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Funding for this project generously provided by Overdeck Family Foundation


Lincoln's Cyphering Book

President Lincoln's multiplication practice

Cyphering books (where "cyphering" is an archaic term for arithmetic) are practice books written by students. Their use dates back centuries and may have originated in the Middle East and India. A cyphering book was typically prepared by an instructor, used by a male student and written in ink. The subjects in the cyphering book began with basic arithmetic and progressed to higher levels of mathematics as the student advanced. Cyphering books were often shared among family members or passed down from parent to child; the two most valued books a family owned were often the Bible and a cyphering book.

Lincoln's Cyphering Book

Like many children, Abraham Lincoln, the 16th president of the United States, learned to read, write and do his 'rithmetic. This page (the fourth in the numbering of Ellerton and Clements) from Lincoln's cyphering book, shows how he learned to multiply numbers and "cast out nines" to check his work. In all, 22 pages of Lincoln's cyphering book survive but are spread across multiple locations in the United States.

Artifact dimensions

1.5 cm × 12.9 cm × 20.4 cm

Artifact origin

Indiana, United States

Current artifact location

Rare Book & Manuscript Library, Butler Library, Columbia University in the City of New York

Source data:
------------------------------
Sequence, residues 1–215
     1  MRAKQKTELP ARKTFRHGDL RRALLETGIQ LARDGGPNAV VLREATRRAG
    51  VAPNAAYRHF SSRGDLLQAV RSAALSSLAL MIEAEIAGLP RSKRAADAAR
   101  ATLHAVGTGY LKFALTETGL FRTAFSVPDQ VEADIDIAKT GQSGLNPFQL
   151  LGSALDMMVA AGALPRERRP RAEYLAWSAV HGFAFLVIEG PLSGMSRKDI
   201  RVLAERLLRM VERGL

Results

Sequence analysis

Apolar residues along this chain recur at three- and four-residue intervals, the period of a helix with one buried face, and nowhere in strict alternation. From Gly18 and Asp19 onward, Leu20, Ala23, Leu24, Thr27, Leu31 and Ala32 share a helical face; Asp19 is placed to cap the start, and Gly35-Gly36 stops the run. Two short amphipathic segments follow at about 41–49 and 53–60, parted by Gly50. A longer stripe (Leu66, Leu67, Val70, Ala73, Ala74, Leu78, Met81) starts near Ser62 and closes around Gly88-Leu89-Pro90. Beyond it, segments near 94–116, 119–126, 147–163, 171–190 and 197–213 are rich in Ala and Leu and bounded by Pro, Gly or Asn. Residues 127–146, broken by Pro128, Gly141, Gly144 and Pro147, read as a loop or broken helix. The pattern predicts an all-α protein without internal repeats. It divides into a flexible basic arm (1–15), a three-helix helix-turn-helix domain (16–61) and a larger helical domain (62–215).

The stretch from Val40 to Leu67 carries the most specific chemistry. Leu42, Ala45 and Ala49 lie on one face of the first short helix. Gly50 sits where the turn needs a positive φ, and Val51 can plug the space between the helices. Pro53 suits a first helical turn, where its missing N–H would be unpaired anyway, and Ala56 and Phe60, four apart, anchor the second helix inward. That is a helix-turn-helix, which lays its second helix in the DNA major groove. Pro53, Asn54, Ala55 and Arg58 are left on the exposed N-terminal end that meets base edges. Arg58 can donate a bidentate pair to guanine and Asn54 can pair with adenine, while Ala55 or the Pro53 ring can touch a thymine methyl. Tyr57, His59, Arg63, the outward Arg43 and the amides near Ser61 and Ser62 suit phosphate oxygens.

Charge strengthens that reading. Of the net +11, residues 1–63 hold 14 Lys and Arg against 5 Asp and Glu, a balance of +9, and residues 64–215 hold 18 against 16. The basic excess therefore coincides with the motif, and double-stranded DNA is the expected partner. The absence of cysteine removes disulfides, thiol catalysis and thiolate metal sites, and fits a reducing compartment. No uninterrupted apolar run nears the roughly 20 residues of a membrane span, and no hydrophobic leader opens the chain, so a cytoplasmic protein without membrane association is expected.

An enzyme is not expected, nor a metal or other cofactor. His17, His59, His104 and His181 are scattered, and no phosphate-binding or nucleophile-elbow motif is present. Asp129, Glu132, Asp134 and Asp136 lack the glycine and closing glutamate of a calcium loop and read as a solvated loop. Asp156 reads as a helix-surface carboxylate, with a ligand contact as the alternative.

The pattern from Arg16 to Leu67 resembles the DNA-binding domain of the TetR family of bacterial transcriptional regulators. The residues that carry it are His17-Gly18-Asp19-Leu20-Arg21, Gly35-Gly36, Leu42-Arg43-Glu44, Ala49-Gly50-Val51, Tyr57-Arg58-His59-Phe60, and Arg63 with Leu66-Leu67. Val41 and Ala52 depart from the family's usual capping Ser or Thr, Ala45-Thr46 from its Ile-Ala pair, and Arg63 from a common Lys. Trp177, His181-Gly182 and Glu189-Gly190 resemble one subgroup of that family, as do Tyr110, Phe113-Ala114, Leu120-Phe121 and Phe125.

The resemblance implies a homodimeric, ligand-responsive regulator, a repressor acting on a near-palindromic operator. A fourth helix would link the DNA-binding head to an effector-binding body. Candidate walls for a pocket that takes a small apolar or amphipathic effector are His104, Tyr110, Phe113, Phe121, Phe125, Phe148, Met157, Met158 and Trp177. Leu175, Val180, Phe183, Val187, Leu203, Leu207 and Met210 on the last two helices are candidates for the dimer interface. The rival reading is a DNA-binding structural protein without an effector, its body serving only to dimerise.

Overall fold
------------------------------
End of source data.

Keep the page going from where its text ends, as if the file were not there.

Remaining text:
Catalog number



MathematicsEducation timeline babylonian-scribe-school-multiplication-tablet Rhind Papyrus Slate with Numeral Frame Derby Museum Hornbook North American Hornbook Wood Hornbook with Abacus Maria Agnesi's Analytical Institutions Midshipman's Cyphering Book Samuel Fay's Cyphering Book Lincoln's Cyphering Book Orville Wright's Arithmetic Textbook New York State Regents Exams in Mathematics

Interactive Content

Computational Explanation

Additional Reading

  • Ellerton, N. and Clements, M. "He Would Be Good: Abraham Lincoln's Early Mathematics, 1819–1826." Ch. 6 in Abraham Lincoln's Cyphering Book, and Ten Other Extraordinary Cyphering Books. New York: Springer, pp. 123–186, 2014.
  • Ellerton, N. and Clements, M. Rewriting the History of School Mathematics in North America 1607–1861. New York: Springer, 2012.